This type of pathway editing can only be done with those fibers that have "statistics" in the .pdb file structure. Typically these fibers have been tracked and scored with ConTrack. Although Matlab functions do exist that allow the user to add statistics to a given fiber group. For more on this see the section on relevant Matlab routines on the main QUENCH page.

Pathway selections can be automatically (and dynamically) filtered using the statistics contained in the .pdb file. The statistic filter window can be accessed via Panels | Refine Selection. The image at right shows the typical Stats Filter Window that comes up when you are working with fibers generated and scored using ConTrack. Values at the left and right of the blue slider (A) reflect the numerical range for that parameter.

  • Filtering pathways based on fiber statistics (When the panel first appears, all the text may not be visible. Normally, you can resize the panel to make the text easily visible.)
1. Choose the fiber group you wish to filter by clicking the corresponding bin number in the main QUENCH window.
2. Click -> Panels | Refine Selection -> Choose the Stats tab
You will then see a window like the one at right.
3. Choose your statistical filter thresholds for the desired statistic by:
a. Clicking and dragging the endpoints of the blue slider (A)
b. Entering the lower and/or upper thresholds numerically in the text boxes (B) under the slider.
c. Entering a percentage threshold. This is done by choosing the top n% or bottom n% by clicking either the top or bottom blue radial button (C) next to the % text box (D) and entering a number in that text box (D).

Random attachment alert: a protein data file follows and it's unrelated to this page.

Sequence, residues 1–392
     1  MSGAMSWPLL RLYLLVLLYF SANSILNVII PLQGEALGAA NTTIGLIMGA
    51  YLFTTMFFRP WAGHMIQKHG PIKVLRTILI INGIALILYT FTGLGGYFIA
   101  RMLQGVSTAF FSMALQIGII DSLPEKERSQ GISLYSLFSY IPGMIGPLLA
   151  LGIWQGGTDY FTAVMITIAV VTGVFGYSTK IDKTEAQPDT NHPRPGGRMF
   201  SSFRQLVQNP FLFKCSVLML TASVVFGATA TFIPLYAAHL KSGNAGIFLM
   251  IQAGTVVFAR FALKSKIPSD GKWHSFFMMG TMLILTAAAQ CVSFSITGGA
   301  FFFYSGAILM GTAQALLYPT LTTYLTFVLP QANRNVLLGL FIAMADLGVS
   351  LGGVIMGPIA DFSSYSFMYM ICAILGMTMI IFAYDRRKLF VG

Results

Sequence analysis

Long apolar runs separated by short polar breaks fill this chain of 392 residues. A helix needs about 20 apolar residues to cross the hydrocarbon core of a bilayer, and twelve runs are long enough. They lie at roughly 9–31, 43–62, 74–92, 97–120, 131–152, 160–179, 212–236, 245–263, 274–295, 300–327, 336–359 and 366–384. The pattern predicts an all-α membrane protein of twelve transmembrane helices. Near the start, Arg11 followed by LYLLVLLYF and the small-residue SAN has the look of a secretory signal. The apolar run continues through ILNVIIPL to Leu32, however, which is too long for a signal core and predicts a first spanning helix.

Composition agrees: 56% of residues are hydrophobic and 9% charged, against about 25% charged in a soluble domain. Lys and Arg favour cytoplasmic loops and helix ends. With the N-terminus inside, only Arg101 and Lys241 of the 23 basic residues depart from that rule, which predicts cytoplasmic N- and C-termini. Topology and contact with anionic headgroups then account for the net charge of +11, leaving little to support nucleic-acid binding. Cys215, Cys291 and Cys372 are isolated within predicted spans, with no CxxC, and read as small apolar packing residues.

• Filter | Stats | Tips:
  • Clicking the "X" (E) at the right of the central text box will cancel all thresholds for that parameter.
  • The top panel (F) shows the name of the fiber group the filter is working on as well as the number of pathways remaining in each bin. You can also choose to lock or unlock the assignments within this panel.
  • While the Selection Refinement Window is open you can highlight another bin to place the filtered pathways into that bin instead of the trash.
  • Only fibers in the selected bin will be filtered, so be sure to have the correct bin selected.
  • Pathways are filtered dynamically - pathways are updated instantly in the main QUENCH window based on the filter thresholds.

[edit] Panels | Per point color

Per point color window

Pathways can be colored, using a user-designated colormap, based on a given statistic.
To color pathways using a given statistical parameter:

  1. Load the fiber group you wish to color per point - be sure that the group has per point statistics within the .pdb file.
  2. Clicking Panels | Per point color will bring up the window shown at right.
  3. Select the statistic you want to use to color the fibers in the dropdown menu (A)
  4. Select the colormap by clicking the icon (B)
  5. Set the thresholds by:
    I. Clicking and dragging the endpoints of the blue slider (C)
    II. Entering the lower and/or upper thresholds numerically in the text boxes (D) under the slider.
    III. Entering a percentage threshold. This is done by choosing the top n% or bottom n% by clicking either the top or bottom blue radial button (E) next to the % text box (F) and entering a number in that text box.